From the Newsroom
São Paulo – The Organisation for Economic Co-Operation and Development (OECD) reported this Tuesday (28) that international trade in goods was weak for G20 member countries during Q1. The Paris-based entity said in a report that exports by those countries edged up by just 0.4% quarter-on-quarter, while imports were down 1.2%.
The OECD points out the negative effects of escalating tariffs in USA-China trade – the so-called trade war. G20 countries’ exports were down 0.8% in Q1 from Q4 2018 – when the first set of tariffs was put in place – and imports declined by 2.7%.
The figures were released a month ahead of the G20 Summit, set to take place June 28 and 29 in Osaka, Japan. The bloc comprises the 19 biggest economies in the world plus the European Union.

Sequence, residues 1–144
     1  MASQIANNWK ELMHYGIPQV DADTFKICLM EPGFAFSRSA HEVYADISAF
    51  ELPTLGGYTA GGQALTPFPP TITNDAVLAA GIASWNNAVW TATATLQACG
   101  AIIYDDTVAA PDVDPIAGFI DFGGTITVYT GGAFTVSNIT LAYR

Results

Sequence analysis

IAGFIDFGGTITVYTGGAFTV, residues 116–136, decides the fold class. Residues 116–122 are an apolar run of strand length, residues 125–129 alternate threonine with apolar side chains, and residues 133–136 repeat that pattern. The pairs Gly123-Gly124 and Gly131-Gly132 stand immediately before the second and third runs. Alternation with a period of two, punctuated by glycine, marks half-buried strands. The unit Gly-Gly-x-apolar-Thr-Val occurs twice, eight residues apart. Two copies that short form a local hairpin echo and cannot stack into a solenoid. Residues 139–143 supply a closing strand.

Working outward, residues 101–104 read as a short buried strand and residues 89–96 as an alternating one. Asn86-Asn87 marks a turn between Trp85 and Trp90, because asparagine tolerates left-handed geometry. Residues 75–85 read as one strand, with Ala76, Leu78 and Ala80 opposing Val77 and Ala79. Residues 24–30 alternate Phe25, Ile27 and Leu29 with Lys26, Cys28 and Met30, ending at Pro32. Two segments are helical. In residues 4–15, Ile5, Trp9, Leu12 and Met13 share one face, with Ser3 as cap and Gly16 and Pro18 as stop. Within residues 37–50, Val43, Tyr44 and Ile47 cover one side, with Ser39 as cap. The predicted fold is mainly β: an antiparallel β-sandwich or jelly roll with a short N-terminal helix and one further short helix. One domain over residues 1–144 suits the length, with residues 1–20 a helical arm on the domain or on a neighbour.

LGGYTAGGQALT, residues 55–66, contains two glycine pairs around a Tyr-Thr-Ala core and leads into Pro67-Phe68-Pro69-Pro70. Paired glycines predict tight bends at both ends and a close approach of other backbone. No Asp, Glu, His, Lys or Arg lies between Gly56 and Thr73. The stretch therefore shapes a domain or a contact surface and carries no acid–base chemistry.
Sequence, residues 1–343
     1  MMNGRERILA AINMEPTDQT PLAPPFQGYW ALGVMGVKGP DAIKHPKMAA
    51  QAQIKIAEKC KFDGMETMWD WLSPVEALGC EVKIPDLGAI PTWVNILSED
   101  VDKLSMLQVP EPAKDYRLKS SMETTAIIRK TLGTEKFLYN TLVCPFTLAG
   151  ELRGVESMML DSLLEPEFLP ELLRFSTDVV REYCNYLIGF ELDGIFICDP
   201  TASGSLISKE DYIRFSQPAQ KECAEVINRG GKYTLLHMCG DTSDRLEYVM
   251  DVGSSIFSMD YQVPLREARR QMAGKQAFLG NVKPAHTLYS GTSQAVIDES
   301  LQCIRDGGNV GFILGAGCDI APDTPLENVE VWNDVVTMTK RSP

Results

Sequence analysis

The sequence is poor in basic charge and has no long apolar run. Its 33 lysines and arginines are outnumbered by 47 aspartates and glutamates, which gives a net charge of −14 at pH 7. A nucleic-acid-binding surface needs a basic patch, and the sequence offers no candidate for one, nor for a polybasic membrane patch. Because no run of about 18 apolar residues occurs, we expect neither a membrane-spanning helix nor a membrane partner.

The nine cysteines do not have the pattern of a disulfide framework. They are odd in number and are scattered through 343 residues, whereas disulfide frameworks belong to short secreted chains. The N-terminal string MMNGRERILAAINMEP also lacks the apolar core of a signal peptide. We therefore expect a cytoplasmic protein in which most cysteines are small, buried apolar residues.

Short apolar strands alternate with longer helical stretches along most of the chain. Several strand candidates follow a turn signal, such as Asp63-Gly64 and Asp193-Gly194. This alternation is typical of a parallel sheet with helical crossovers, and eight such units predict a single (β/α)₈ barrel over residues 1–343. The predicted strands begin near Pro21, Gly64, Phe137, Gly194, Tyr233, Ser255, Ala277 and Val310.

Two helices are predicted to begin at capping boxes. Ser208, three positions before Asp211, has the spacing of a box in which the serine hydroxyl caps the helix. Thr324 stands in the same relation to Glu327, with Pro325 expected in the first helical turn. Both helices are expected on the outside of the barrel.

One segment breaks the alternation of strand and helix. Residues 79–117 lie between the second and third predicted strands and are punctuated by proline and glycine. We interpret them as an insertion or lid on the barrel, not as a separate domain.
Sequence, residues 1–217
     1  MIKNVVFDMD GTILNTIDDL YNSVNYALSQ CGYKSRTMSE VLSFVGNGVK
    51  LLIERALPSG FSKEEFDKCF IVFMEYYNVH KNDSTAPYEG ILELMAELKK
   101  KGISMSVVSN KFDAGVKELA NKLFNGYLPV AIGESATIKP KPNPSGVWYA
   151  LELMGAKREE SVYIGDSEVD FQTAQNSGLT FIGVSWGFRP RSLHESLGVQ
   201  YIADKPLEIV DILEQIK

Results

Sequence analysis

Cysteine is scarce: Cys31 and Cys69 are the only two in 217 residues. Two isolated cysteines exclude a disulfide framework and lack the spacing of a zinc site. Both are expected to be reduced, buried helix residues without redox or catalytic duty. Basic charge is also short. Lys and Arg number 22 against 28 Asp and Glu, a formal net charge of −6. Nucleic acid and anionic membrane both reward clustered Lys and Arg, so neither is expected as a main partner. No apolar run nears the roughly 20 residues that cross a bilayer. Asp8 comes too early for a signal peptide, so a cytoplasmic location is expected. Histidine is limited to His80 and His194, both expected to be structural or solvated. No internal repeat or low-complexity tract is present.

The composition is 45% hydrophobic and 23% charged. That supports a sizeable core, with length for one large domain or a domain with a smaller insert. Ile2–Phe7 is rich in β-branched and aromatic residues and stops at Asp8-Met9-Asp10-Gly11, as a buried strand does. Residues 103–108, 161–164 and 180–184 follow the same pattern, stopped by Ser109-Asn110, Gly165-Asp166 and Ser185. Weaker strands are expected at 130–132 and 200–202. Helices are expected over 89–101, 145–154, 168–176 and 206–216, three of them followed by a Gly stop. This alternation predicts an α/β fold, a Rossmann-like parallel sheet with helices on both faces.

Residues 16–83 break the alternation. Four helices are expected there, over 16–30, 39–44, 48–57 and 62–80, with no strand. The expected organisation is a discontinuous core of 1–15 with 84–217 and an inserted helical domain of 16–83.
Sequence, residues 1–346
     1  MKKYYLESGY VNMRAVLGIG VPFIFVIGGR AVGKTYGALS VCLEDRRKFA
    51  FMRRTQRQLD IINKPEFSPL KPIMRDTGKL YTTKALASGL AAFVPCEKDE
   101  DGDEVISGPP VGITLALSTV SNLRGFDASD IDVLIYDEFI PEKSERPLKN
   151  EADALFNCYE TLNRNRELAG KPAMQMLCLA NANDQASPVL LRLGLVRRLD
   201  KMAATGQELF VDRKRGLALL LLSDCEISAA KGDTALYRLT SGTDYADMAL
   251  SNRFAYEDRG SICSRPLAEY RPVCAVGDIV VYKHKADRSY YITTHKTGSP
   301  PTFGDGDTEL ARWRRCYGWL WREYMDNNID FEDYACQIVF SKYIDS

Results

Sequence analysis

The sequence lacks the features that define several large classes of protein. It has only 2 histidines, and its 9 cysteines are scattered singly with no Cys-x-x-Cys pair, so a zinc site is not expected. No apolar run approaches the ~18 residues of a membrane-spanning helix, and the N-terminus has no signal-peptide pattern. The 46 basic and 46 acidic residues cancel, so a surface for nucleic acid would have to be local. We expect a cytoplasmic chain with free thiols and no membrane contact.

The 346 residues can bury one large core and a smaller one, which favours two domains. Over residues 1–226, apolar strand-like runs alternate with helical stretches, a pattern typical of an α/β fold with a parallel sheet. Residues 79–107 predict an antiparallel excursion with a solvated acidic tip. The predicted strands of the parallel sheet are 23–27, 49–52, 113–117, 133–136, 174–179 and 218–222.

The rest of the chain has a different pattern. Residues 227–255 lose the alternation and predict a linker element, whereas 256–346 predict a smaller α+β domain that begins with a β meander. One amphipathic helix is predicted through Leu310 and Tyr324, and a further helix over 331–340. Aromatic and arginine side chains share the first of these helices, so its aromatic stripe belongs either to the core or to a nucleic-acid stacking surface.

According to the OECD, United States imports dropped by 1.9% in Q1, with imports from China plummeting by 12% – the sharpest drop on record.
The USA-China trade war is impacting trade in other Asian countries. Q1 saw a relevant drop in exports and imports in Indonesia, Japan and South Korea.
The OECD said the only G20 country to see a major hike in foreign trade operations was the United Kingdom, where exports climbed 6.2% and imports climbed 5% in Q1. This is imputed to inventory building and a pickup in trade in the face of uncertainty surrounding Brexit – the country’s exit from the European Union, which was approved in a referendum but is yet to come to pass.
The organization also pointed out moderate growth in exports from Australia, Mexico and the EU, and a significant increment in imports to Turkey and Russia.
Brazil saw both exports and imports drop 6.4%. The OECD did not release data on Saudi Arabia, the only Arab country in the G20.
Translated by Gabriel Pomerancblum